A Sound Idea
Submitted by: L. Stone
Make a tape of sounds from the environment. I have one with crickets chirping, cell phones ringing, water running, a thunderstorm, a kitty mewing. When the tape is played the students are asked to identify what the noise is. Keep a numbered list for your own reference so you don’t forget what’s on it. The younger children especially like this activity.
Grade Level(s): 1-2, 3-5
Card Name Game
Submitted by: Hrshy210
When I have a few minutes to spare the students love to play the “card name game.” I have all of their names written on a playing card. While seated at the carpet, I distribute one card to each child (making sure no one has their own name). When their name is called they have to say something positive about the person on the card. This has really helped them to learn about respect and treating others how they want to be treated. It is fun and only takes about five minutes.
Submitted by: kristie johnson, 10-12
As students walk in the door hand 10 scrap pieces of paper out at random. Class knows that if they get a piece of paper they have to write a comment about the class topic that day or a question they have. It may be a question a neighbor had. This gives me something to do if i wrap up early or something to start off the next class session. Check for understanding or clarification. It also allows students to ask questions anonymously as I shuffle the papers and others can grab a sheet to add to the stack.
Submitted by: Karlana Jester, Pre-K teacher
When it is time for my class to transition from one activity to another, I play music to motivate them to clean up quickly. I try to pick music that is upbeat and very catchy. After the children are done cleaning up the activity at hand, I usually let the music play a little bit longer so the children can dance out any extra activity they may. This way, I can have their undivided attention once we settle back done at the tables for another activity.
Quote of the Day
Submitted by: Lynn Bird, Pinckneyville Middle School
I teach sixth grade language arts and social studies. I start off each class by going over a “Quote of the Day.” I have it written on the board and students write this quote in their Agenda book which is used to record their daily homework. Kids volunteer to explain what this quote means to them. This not only encourages kids to think beyond the books but also allows me to have a part in their character education. I have many compliments from parents because it gives them the opportunity to have an open discussion with their kids when they see the quote written. I get many of these quotes from various websites as well as off the daily Classroom Flyer from the Learning Company School. This only takes about 5-7 minutes and is a great use of class time!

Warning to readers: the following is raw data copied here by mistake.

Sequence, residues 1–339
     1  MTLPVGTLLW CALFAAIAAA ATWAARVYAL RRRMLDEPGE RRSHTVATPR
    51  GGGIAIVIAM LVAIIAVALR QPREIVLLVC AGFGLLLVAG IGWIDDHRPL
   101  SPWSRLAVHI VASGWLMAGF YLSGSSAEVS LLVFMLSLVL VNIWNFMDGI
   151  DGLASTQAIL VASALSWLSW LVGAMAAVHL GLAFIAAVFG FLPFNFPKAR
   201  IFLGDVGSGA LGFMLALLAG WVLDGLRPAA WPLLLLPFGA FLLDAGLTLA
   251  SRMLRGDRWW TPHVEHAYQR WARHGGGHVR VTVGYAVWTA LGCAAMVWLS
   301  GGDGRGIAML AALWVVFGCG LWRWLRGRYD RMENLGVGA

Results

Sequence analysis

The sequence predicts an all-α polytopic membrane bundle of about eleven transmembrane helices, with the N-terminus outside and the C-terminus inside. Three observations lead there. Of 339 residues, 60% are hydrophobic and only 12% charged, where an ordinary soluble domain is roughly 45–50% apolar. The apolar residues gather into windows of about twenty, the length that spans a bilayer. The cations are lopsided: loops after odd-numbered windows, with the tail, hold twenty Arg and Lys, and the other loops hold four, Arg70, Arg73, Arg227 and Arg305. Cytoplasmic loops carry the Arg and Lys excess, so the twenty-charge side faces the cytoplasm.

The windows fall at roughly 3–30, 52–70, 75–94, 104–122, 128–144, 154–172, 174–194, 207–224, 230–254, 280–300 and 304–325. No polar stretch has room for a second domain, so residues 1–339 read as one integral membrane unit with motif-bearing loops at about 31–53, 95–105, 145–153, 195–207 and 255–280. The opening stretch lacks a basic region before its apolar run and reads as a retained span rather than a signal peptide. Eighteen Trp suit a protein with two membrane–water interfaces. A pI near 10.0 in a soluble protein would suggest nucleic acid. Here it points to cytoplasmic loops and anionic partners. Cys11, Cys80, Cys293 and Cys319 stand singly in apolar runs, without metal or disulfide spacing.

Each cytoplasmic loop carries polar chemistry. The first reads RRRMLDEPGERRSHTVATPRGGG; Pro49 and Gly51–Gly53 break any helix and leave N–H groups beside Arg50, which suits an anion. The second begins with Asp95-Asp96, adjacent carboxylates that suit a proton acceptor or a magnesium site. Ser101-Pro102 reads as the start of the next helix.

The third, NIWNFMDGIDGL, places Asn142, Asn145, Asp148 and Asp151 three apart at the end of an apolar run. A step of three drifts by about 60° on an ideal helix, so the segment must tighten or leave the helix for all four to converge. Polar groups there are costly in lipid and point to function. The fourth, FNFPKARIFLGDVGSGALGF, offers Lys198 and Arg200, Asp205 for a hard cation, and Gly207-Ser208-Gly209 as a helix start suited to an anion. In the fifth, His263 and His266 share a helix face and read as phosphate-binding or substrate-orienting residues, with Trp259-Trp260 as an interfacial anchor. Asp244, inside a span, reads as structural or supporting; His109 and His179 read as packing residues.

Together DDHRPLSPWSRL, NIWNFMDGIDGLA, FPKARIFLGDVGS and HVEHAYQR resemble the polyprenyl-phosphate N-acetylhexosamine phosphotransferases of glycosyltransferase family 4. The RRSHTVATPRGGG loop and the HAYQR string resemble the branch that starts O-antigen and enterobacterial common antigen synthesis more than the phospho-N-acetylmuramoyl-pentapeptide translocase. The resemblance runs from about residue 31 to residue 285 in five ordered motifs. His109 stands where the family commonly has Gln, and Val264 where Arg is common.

Shorten Transition Times
Submitted by: Cynthia Valdez, 5th Grade
I would like to share a wonderful and effective transition strategry that I use. On a big green poster board, I drew a football field. (0 yards in the center and 50 yards at each end) In the beginning of the school yera, I introduced the football chart. I placed a small football on the 0 year line. I told theme that we were going to play a game for six weeks. . I was one team and the students were another. I told them that every time we had to change from one subject to another, they were going to be timed (1 min.) If everyone was ready within the time, they score 10 yards. If not, I score. The quarters are divided within weeks. At the end of the six weeks, if I win, they have to write a comprehensive report. IF they win, they get a whole day of fun educational activities and snacks. This strategry is effective, fun, exciting, and motivating.
Submitted by: Mr. Johnson, 2nd & 4th
A transition activity I have useful in both 2nd & 4th grades is Silent Math. During the times your entire class is lined up and waiting, have one child start by using fingers and hand signals to give math problems. (Example: Hold up one finger (1), then make a plus sign (+), then two fingers (1+2). Lastly, put one hand above the other facing in opposite directions for the equal sign(=).) If a student wants to answer, he/she must raise their hand to be called on. They must give the answer using fingers and hand signals. The kids love it and it keeps the noise level down!
Sponge Activities for first grade
Submitted by: C. Letkeman
Once the students have left for recess, I set out a bucket on each table. The buckets contain materials the students can use independently at their tables, ie play-doh, lego, peg boards, pattern blocks, tracers, felt boards, I Spy books etc. When the students come in from recess, they know there are activities at their tables, and they settle in to them quickly. This gives me a few extra minutes in case I was unable to return to the classroom immediately after recess because of outdoor supervision, a staff meeting, or dealing with an issue that arose during recess. It also give me a couple of minutes to get the next lesson’s materials organized! Each table gets the bucket for a day, and I rotate activities every week or two.
Submitted by: P. Nicholson, 1st
To make transition time faster and easier, I cut out five shapes, five times on the Ellis Die cut machine using the same sequence of different colored construction paper. Example: green, red, yellow, blue, orange bunny, frogs, crayons, etc. I label each colored shape with a number and laminate one to each student’s space at their tables. Then, when we line up or move anywhere in the room, I call a shape, color or number and those students line up first.